- PROJECT TITLE: Evaluating the effectiveness of Mexico’s credit disclosure reforms on consumer understanding and financial decision-making
- TARGET SEGMENT: Low-income consumers in the credit and basic savings markets
- DELIVERY CHANNEL: Government-mandated product disclosure formats; phone and SMS financial capability counseling
- EVALUATION TEAM: Xavier Gine (World Bank); Rafe Mazer (World Bank); Cristina Martinez Cuellar (World Bank)
- PARTNERS: National Commission for the Defense and Protection of Financial Service Users (CONDUSEF)
- TIMELINE: December 2011 – January 2013
An important question in financial capability policy is whether consumers learn financial lessons more easily through school-based traditional methods (such as in the classroom, in training seminars and in workshops, etc), or by accessing clear and easy to understand information in the marketplace. In Mexico, this question is of increasing importance for a number of reasons: increased use of financial products in recent years (particularly amongst low-income consumers); evidence of repayment problems and hidden charges in some credit and savings products; and many types of regulated and non-regulated financial institutions, making oversight and market monitoring a constant challenge.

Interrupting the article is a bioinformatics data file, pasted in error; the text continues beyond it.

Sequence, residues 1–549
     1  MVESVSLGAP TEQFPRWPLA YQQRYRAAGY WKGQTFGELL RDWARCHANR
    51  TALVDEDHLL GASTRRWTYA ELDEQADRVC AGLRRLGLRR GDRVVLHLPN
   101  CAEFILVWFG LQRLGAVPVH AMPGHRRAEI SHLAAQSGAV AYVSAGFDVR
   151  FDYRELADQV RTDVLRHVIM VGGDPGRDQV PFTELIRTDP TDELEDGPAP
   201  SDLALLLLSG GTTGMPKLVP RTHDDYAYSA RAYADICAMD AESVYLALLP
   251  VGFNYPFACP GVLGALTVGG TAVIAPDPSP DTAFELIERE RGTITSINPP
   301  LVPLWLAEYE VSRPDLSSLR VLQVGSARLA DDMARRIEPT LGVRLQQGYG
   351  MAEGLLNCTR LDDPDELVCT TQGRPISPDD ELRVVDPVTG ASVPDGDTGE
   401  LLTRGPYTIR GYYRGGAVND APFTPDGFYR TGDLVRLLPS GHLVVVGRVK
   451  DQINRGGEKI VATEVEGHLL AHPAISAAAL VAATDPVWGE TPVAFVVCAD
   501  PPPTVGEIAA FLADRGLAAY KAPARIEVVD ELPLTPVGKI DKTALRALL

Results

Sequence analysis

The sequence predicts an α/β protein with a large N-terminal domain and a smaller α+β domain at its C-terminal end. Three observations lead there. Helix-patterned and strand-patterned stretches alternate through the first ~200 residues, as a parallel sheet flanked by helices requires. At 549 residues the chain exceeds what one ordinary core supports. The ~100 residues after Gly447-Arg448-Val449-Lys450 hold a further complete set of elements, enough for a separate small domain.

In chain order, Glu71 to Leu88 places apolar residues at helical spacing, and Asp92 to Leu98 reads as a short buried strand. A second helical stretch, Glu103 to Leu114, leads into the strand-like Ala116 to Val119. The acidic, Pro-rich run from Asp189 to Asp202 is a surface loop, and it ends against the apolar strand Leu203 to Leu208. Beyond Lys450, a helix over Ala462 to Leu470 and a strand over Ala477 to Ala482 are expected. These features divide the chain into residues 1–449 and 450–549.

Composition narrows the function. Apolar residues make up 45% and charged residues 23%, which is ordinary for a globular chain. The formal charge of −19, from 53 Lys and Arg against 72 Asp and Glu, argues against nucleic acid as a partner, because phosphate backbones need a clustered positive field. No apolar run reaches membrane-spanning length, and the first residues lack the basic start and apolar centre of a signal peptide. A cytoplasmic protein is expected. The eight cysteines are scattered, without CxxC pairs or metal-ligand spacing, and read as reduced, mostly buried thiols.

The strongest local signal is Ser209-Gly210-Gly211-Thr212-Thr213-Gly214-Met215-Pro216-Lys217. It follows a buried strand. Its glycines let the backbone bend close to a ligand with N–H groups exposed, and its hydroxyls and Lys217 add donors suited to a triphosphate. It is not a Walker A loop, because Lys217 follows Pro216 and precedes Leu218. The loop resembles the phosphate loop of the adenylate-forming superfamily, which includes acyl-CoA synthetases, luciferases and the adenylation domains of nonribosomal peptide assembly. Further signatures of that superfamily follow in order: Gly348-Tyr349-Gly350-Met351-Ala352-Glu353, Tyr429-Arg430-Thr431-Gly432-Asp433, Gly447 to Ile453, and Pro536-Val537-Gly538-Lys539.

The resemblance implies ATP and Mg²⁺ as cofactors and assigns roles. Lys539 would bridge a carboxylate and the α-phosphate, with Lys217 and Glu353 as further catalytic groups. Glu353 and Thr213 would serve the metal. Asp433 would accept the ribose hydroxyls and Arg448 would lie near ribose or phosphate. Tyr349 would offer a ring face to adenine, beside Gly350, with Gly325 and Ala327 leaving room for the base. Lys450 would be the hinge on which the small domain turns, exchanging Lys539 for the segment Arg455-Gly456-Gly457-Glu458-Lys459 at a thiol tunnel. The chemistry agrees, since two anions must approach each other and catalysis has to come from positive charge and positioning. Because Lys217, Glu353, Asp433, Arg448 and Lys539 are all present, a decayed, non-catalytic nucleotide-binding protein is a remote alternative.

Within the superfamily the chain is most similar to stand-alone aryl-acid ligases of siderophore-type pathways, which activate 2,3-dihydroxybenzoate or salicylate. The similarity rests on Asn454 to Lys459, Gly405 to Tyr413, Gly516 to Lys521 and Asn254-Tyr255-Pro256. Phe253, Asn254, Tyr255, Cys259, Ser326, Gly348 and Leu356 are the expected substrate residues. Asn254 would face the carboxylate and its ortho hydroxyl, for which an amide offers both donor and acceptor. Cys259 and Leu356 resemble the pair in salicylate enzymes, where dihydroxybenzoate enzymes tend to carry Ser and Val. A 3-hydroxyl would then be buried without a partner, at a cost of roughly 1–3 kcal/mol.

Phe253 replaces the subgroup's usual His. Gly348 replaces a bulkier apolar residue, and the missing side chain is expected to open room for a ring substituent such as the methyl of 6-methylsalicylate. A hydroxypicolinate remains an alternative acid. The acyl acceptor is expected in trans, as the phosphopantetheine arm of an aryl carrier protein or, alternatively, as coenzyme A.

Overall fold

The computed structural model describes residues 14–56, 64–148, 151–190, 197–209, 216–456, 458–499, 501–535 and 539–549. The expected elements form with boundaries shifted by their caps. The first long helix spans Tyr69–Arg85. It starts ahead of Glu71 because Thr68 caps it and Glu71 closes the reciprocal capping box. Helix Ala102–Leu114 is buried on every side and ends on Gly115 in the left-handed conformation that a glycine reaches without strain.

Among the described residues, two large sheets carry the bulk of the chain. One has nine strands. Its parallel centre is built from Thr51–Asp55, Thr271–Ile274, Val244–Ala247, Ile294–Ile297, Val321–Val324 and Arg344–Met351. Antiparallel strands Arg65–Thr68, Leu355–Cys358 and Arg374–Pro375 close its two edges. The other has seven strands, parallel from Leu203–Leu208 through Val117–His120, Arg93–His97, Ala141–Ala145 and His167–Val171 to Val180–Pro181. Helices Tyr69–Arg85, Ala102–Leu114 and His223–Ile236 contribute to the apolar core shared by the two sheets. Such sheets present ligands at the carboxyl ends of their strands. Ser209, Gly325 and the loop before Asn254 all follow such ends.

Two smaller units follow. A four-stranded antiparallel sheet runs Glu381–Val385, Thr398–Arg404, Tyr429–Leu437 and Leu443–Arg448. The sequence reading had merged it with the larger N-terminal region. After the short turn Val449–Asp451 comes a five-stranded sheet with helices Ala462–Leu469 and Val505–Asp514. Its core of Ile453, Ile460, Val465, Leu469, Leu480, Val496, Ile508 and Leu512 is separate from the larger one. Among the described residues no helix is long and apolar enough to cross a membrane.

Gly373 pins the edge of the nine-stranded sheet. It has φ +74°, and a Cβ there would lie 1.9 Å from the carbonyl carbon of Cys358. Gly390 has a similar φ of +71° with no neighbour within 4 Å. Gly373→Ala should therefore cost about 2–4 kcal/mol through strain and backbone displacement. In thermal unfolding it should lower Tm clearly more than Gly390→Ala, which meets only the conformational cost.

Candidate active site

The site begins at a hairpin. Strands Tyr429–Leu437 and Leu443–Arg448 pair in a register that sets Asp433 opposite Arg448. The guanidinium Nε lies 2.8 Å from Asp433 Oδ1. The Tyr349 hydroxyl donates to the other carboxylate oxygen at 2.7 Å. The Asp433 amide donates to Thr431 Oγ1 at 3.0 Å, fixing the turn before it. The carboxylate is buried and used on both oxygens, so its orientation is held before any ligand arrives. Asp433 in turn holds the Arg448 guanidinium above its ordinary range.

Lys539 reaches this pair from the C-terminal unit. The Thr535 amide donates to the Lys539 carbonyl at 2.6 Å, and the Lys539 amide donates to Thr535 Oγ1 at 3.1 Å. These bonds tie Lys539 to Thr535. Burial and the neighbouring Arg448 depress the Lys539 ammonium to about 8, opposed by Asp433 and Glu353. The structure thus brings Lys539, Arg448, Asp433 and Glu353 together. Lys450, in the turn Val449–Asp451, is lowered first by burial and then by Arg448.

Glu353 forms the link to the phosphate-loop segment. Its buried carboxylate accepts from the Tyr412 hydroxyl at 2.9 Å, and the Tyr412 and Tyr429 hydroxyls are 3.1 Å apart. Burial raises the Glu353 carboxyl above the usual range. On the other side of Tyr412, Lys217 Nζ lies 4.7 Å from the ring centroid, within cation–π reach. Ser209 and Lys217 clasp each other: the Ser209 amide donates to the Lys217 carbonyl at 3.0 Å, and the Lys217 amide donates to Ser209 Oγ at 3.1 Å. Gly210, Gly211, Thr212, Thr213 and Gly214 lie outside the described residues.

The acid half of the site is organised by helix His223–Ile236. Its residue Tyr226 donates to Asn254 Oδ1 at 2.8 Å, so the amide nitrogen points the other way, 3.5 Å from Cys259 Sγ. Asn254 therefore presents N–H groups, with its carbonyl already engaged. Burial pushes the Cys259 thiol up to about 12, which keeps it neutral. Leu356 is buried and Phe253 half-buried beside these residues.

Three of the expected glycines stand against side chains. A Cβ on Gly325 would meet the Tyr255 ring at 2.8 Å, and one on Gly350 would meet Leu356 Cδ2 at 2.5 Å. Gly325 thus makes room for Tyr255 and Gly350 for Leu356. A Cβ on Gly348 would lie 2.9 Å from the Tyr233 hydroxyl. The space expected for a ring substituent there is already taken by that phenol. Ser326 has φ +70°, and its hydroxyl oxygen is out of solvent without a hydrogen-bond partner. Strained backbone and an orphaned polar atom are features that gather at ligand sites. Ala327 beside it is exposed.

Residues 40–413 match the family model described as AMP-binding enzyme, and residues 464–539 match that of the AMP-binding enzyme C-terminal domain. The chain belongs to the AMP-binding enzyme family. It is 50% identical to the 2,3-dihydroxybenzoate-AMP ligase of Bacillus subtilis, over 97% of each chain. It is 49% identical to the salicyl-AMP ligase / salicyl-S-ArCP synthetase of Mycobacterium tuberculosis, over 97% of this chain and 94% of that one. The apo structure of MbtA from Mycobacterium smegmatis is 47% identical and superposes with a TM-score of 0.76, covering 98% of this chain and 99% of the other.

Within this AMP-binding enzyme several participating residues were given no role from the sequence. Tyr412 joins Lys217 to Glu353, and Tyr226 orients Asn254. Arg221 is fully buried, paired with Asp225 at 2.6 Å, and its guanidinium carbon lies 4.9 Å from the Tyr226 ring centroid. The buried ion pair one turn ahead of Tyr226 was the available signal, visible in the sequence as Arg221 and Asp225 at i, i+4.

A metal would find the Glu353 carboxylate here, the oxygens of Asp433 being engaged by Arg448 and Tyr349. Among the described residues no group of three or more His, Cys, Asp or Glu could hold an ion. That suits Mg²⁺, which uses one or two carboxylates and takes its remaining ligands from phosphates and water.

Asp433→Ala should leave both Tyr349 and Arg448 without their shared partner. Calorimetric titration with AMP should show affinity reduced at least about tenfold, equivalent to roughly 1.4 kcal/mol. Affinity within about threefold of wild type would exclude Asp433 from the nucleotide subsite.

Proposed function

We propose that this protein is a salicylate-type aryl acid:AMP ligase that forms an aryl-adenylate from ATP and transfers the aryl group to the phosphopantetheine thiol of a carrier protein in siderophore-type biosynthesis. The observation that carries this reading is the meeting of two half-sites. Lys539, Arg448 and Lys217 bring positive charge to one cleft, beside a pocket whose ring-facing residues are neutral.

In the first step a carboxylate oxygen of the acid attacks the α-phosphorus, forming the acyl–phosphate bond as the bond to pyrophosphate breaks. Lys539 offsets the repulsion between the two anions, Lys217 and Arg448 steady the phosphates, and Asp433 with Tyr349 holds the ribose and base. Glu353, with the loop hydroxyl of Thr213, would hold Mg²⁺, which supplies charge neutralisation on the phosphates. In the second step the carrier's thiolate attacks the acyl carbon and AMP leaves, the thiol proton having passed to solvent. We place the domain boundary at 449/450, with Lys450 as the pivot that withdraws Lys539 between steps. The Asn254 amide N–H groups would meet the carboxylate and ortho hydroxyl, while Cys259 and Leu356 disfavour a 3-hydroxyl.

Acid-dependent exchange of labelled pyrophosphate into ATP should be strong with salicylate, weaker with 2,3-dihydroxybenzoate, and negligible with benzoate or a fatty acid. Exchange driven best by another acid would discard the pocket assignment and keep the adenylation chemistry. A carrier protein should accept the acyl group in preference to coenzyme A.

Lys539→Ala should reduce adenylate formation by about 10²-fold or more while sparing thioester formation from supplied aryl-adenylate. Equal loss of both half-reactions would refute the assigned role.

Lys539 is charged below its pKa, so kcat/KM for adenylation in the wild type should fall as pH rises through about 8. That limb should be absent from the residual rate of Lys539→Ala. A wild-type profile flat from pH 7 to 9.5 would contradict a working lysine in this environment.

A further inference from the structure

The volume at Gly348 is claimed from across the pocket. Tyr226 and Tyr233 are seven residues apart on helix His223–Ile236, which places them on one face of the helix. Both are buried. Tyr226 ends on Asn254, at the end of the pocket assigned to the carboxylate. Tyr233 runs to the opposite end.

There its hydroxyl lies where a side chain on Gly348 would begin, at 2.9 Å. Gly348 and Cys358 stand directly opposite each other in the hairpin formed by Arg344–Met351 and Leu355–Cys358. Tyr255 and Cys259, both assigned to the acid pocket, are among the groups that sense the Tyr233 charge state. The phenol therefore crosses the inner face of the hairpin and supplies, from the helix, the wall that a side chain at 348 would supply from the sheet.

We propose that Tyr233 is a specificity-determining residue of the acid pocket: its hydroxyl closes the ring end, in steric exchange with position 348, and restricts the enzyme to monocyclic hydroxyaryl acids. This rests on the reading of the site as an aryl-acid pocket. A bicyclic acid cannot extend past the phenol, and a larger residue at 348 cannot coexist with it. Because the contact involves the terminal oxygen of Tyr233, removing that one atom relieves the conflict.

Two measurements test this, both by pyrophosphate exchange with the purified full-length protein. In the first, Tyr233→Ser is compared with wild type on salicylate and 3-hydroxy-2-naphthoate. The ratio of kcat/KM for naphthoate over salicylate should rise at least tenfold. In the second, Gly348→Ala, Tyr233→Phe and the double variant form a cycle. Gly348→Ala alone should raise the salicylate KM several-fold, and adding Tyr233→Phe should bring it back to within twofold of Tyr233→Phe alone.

This study explores the intersection between consumer protection and financial capability by comparing how product-specific information and broader financial capability messages impact short and medium-term financial decision-making of the low-income consumers for basic credit and savings products. It will also evaluate the impact of several different channels for communicating important financial messages to consumers, including: point-of-sale disclosure; information to facilitate comparison shopping; financial counseling by phone; and periodic financial capability SMS messages.
By exploring this intersection the research hopes to offer new insights into whether the type of market conduct reforms and policy interventions that have been used to date solely for consumer protection purposes can actually be used to improve financial capability and influence sound financial decision-making. With the high cost of traditional curriculum-based financial education programs, finding regulatory approaches to improve financial capability has the potential to offer promising policy options for resource-constrained governments interested in improving financial capability levels.